We’ve compiled a non-exhaustive list of ways to begin or continue to unlearn harmful narratives around Thanksgiving and support the wellbeing of Indigenous communities. Decolonization requires a continual process of decentering, as we are all conditioned in so many ways due to Eurocentric dominant culture. We acknowledge that there are many more events, articles, books, and learning sessions out there and invite you to keep researching and doing your homework, and doing the work.
We all have influence, no matter how small or big our circles are. Keep having these conversations with the people in your life.
LISTEN, READ, LEARN
Smithsonian Museum of the American Indian has a robust collection of resources on unlearning narratives many of us were told about Thanksgiving and the history of Indigenous peoples. Listen to their comprehensive ‘Giving Thanks’ sessions on how to tell more complete narratives in the classroom or learning environments for youth.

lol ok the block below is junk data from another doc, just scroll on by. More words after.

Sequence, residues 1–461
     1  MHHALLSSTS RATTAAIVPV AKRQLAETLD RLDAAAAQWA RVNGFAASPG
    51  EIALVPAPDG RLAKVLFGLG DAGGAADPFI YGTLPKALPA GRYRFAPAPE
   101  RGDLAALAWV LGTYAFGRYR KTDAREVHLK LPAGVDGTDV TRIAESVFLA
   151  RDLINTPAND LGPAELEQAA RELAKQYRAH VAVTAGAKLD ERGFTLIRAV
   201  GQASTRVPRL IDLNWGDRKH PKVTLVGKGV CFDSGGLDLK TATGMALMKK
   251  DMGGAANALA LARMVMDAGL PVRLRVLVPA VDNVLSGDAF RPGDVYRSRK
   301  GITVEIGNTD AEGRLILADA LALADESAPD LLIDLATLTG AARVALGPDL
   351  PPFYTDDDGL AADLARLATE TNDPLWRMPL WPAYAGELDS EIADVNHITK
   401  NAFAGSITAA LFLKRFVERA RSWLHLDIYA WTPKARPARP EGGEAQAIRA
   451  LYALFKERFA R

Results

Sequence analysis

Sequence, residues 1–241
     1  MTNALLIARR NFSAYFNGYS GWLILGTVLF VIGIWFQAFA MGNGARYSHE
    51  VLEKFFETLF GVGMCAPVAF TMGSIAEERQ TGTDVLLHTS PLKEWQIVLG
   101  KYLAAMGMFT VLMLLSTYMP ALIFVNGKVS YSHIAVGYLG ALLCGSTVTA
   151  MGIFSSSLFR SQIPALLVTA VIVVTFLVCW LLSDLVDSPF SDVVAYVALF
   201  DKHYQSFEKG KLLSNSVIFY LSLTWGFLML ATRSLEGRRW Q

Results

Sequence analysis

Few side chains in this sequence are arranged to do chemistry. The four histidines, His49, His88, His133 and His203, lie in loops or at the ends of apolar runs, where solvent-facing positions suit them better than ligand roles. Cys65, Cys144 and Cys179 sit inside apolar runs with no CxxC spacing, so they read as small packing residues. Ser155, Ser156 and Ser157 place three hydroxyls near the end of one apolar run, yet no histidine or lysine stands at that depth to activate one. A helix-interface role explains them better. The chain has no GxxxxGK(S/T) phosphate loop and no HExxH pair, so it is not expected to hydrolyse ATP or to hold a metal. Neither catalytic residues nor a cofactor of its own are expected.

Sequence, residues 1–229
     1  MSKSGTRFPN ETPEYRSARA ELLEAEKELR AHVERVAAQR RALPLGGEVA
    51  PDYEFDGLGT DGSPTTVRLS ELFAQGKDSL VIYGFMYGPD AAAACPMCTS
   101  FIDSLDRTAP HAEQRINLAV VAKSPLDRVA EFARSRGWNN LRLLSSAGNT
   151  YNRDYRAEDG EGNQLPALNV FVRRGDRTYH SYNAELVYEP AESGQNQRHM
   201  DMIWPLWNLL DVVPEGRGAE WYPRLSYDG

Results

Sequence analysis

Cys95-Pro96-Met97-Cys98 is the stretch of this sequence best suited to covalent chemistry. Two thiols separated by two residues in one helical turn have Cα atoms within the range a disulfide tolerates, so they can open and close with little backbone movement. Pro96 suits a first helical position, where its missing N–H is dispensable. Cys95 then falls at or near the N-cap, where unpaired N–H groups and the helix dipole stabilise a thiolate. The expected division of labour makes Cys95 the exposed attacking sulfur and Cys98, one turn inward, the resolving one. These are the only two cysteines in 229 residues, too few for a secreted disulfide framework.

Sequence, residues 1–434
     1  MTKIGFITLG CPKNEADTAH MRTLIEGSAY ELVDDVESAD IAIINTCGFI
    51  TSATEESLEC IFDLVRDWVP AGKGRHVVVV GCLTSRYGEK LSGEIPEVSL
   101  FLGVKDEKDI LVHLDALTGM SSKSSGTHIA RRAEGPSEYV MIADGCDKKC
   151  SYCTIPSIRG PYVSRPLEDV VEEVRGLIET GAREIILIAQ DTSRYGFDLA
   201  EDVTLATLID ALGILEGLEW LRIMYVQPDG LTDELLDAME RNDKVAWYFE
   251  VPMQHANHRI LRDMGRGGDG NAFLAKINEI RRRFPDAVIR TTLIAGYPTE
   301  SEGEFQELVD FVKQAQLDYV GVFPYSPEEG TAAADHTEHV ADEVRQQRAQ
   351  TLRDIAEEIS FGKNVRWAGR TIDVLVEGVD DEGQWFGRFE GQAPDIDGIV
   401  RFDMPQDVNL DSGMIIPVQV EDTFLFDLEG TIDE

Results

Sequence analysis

Learn more about the epidemic of missing and murdered Indigenous women and girls and the lasting impact violence can have on physical, mental, emotional and spiritual health.
Sovereign Bodies Institute works to uphold the sovereignty of all bodies Indigenous peoples hold sacred — physical bodies, land, nations and water. Take time to listen to their powerful webinar highlighting MMIWG2 (Missing and Murdered Indigenous Women, Girls, and Two Spirit People) family voices in California.
Tune into “Decolonization Is For Everyone,” a 15 minute Tedx Talk by decolonial educator and Indigenous media maker Nikki Sanchez on what decolonization is and why it’s important.
Listen to activist, educator, and cultural practitioner Jamaica Osorio and scholar, poet, and activist Dr. Auntie Noe Noe Wong-Wilson on the All My Relations podcast episode “Hawaiian Resistance, Tourism and Abolition.” They discuss the lessons and revelations from time on the Mauna and pathways forward to honor relationships and empower future generations. Explore further and click here for a list of 12 incredible podcasts led by Indigenous women.